Despite the virtual disappearance of EMI Classics as a separate label—having been swallowed into the Warner Music combine—Mariss Jansons's inconsistent but always interesting Shostakovich cycle remains worth examining. (Besides, with online and secondhand shops largely having replaced the big music chains as retail sources, the nominal "availability" of this or that item has become moot: you can find almost anything if you search long and hard enough.)
On this installment, however, it's the piano concerto that's the prize. Numerous virtuosos can fire off the percussive repeated-note patterns that characterize much of the first movement; Mikhail Rudy manages to make them sound shapely as well. His playing is always limpid and articulate, but he has plenty of bass power in those episodes requiring a harder-edged, "Age of Steel" approach. Jansons's positive contribution is evident in the breadth and motion he brings to the climactic tutti, and in the seamless segues from piano-dominated passages into those where the orchestra takes the lead. After the strings' pensive, chorale-like introduction to the Andante, Rudy invests the Chopinesque piano writing with a fine melancholy. The music moves without pause into the finale, where the piano immediately perks things up. All in all, nicely done.
The Fifteenth Symphony, on the other hand, remains as elusive as ever; at least Jansons, while accepting each episode on its own terms, still makes the music sound cohesive. The first movement's "toy-shop" music, suggesting the spirit of the composer's Ninth Symphony, comes off nicely. After a somber, Mussorgskyish brass chorale, the slow movement is searching and a bit anxious. The Allegretto returns to the nose-thumbing mood of the opening; it bogs down in the middle—the sonority, rather than the tempo, gets heavy—but the ending is properly light-fingered. The finale again begins with the brass choir, this time quoting the Siegfried ("Muss es sein?") motif, before introducing an elegant violin theme accompanied by ghostly pizzicatos.
The two Gadfly excerpts—can you really call two movements a "suite"?—are a pleasing makeweight. The Romance is simple and expressive, with a lovely breadth and expansiveness in the theme's reprise. In the Folk Feast, the opening clarinet solo is runny and shapeless, without firm rhythmic grounding; the movement improves as it proceeds, however, projecting a Festive Overture sort of gaiety.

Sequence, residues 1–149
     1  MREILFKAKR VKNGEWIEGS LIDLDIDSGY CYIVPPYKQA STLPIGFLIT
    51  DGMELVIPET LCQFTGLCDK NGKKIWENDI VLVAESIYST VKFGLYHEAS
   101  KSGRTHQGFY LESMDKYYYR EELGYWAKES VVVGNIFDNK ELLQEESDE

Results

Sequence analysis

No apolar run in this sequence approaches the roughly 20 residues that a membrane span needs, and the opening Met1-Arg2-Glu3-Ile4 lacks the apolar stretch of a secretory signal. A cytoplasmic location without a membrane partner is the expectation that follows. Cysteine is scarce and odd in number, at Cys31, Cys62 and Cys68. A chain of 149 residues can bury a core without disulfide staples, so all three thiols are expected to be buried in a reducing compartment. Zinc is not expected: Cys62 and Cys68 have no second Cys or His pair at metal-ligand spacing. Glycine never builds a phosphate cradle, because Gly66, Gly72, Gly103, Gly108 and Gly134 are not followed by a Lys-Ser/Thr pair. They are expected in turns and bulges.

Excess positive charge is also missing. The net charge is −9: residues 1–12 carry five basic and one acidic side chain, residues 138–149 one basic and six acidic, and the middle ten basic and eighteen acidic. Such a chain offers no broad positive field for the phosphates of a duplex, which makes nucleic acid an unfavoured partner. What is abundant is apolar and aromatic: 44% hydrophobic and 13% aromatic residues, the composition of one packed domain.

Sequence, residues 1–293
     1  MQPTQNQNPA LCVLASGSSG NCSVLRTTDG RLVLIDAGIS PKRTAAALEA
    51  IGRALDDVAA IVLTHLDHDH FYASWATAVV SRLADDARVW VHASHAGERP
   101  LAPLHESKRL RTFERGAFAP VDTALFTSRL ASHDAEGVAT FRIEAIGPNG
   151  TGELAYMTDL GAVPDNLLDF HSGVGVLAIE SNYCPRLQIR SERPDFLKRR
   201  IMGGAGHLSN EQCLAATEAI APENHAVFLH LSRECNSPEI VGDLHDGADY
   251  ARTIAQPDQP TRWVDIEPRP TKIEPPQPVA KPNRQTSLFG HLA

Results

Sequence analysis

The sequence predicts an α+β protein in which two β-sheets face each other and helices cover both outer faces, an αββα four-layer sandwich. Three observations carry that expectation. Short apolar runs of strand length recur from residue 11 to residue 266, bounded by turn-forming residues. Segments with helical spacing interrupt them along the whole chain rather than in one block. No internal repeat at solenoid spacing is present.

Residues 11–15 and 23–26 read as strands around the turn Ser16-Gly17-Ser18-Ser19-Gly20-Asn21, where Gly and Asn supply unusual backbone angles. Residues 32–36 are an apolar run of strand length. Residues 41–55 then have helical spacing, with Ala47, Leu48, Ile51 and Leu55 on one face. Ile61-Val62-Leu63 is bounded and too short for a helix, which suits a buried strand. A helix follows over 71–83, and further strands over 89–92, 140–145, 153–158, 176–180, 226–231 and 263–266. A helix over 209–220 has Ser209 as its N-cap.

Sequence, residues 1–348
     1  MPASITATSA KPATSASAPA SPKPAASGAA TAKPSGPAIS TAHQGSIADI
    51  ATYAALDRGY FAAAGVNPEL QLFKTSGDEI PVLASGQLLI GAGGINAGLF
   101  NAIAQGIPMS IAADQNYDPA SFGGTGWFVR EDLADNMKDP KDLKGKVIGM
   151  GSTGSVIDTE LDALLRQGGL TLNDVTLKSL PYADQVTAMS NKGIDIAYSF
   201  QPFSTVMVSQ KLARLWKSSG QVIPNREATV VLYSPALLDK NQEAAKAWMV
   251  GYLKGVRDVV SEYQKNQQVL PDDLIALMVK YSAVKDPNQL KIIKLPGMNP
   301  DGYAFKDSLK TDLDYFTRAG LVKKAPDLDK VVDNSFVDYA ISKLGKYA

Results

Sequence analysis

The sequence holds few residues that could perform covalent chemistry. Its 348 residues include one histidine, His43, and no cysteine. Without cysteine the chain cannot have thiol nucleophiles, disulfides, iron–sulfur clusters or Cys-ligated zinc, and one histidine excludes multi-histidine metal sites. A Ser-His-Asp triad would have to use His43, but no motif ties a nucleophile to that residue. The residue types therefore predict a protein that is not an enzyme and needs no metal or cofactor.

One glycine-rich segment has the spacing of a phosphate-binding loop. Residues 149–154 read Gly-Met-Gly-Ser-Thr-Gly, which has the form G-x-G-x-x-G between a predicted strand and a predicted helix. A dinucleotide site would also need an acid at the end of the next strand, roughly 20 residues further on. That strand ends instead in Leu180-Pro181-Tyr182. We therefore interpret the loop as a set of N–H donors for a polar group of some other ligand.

The responsive orchestra plays with enthusiasm and musical understanding, if not with complete assurance. The treacherous open spacings and textures in parts of the symphony betray some insecurity, though everything's basically in place. The juxtaposed irregular rhythms after 4.26 of the first movement line up tentatively.
The engineering is very good. The glockenspiel strokes that begin the symphony are quiet but crisp, and the full-throated brass chorales are sumptuously reproduced. Woodwind timbres are lively, sounding a bit closer in the concerto than in the symphony. The bass end, in the symphony's pizzicatos and at the climax of the Romance, is slightly boomy.
Recommended unequivocally for the concerto. If Jansons doesn't quite solve the symphony, at least he's never routine, though I'm curious about the Solti/Chicago recording (Decca/Eloquence), which I've not heard.
Mariss Jansons conducts Shostakovich
Shostakovich: Symphony No. 15 in A, Op. 141; Piano Concerto No. 2 in F, Op. 102; The Gadfly: Suite, Op. 97a
Mikhail Rudy, piano (in concerto); London Philharmonic Orchestra/Mariss Jansons
EMI Classics CDC 7243 5 56591 2 5. TT: 74.56.
Downloads: dostorrents.com (lossless); amazon.co.uk; allmusic.com; itunes.apple.com; redmp3.com and fastmp3.com (selected movements);
Stephen Francis Vasta is a New York-based conductor, coach, and journalist.